" An interesting collection of stories. Hugh Lee does a passable job of reading. His accents (especially the American and African ones) are a little over the top. "

  • 3 out of 53 out of 53 out of 53 out of 53 out of 5 Maha | 12/18/2013

    " depressing.. realistic and depressing (with, perhaps, the exception of The Pram). But good. "

  • 3 out of 53 out of 53 out of 53 out of 53 out of 5 Dennis Willingham | 12/8/2013

    " I love Doyle, and it kills me to only give it 3 stars, but this is not his strongest effort. I was fascinated by the subject and his take on it, but the collection of columns format is not my favorite. "

  • 5 out of 55 out of 55 out of 55 out of 55 out of 5 Kspencer 75 | 12/6/2013

    " I generally shy away from short stories (something about high school English and excruciating stories that were supposed to inspire) but I picked this up and loved it. So much that I plan to read all Roddy Doyle books offered at the library! "

  • 5 out of 55 out of 55 out of 55 out of 55 out of 5 Liz | 10/30/2013

    " Wonderful stories of Ireland as it looks at its changing ethnicity and what it means to be Irish. Very personal look. I listened to it. The story, Deportees is a band put together by Jimmy Rabbit of Committment fame. "

  • 5 out of 55 out of 55 out of 55 out of 55 out of 5 AnnMarie | 10/6/2013

    " Roddy Doyle's voice is one of the most unique in fiction, and this collection of short stories didn't disappoint. All the charm of his best novels of the 1990s packed into pocket-sized narratives that set familiar themes (and a few familiar characters) against a newly evolved backdrop. "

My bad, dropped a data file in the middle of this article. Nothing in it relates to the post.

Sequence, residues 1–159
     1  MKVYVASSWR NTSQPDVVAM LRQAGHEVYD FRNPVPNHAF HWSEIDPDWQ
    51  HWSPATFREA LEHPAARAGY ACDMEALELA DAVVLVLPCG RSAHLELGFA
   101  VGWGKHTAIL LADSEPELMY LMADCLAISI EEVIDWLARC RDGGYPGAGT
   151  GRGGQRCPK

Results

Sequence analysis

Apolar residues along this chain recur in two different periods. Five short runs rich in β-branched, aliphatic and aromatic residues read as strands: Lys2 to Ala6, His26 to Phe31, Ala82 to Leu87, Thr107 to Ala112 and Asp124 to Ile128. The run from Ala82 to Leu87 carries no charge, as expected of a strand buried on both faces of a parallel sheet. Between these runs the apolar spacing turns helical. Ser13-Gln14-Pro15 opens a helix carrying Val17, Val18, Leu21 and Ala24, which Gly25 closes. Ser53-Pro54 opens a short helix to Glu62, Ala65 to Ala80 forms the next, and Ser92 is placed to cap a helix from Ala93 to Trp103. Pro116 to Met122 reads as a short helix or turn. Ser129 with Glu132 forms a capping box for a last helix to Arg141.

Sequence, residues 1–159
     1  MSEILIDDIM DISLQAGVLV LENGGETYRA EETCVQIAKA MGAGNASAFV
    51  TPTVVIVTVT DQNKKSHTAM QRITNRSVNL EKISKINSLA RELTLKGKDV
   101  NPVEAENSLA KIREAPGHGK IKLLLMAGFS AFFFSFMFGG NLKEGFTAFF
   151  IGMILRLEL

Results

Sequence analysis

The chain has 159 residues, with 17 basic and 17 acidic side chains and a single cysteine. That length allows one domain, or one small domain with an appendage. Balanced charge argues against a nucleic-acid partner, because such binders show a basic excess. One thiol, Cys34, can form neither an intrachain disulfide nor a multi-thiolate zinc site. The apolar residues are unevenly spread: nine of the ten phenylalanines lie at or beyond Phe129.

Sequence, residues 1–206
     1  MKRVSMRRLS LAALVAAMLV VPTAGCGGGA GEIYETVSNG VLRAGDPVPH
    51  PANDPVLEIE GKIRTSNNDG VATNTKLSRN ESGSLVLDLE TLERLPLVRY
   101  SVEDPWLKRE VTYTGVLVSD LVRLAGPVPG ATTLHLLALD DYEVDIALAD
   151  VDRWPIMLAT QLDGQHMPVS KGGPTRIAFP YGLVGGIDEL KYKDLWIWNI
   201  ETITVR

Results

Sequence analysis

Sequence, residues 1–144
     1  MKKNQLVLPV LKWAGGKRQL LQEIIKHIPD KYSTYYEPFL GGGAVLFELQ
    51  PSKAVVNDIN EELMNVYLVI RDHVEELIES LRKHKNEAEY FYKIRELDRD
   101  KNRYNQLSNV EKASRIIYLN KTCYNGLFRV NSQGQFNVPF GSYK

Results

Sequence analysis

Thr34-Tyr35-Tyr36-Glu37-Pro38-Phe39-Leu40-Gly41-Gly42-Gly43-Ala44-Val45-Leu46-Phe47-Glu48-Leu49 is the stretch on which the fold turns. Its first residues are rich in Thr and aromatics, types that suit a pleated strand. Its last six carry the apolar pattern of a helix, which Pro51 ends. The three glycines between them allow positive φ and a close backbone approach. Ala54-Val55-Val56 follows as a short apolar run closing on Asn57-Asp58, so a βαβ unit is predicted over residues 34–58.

• 4 out of 54 out of 54 out of 54 out of 54 out of 5 Paddy | 6/6/2013

    " Not usually a short story fan, but I really enjoyed these stories, which place the reader in Doyle's Dublin, a place he's brought alive for me. "

  • 4 out of 54 out of 54 out of 54 out of 54 out of 5 Aurelia D'andrea | 2/5/2013

    " Another colorful-against-a-grey-backdrop series of stories that made me laugh, shiver under the covers with fear, and feel grateful, yet again, that I didn't move to Ireland. (Though I've enjoyed my visits there!!!) "

  • 2 out of 52 out of 52 out of 52 out of 52 out of 5 Renee | 12/21/2012

    " I couldn't even finish these short stories. Sadly I think Roddy Doyle is no longer interesting... although it is interesting what has happened to Ireland "

  • 3 out of 53 out of 53 out of 53 out of 53 out of 5 Matthew | 10/29/2012

    " Remarkably uneven! The title story is awesome. The one about the test the government comes up with to mark Irishness is dreadful. Most are somewhere in-between. "

  • 4 out of 54 out of 54 out of 54 out of 54 out of 5 Nette | 8/12/2012

    " Four stars instead of five only because I don't care for short stories. Roddy Doyle is a feckin god, though. "

  • 4 out of 54 out of 54 out of 54 out of 54 out of 5 Mary | 7/29/2012

    " There is nobody too f*cked up for Roddy Doyle to love. His love for all humanity always cheers me, gives me hope. "

  • 3 out of 53 out of 53 out of 53 out of 53 out of 5 Katy Brandes | 7/16/2012

    " It was surprising for me to not like the title story, especially after having liked "The Barrytown Trilogy" so much. Some of the other stories rang true to my favor of this author. He always gives a clear and convincing voice to his characters. I am always on the lookout for new material from Doyle. "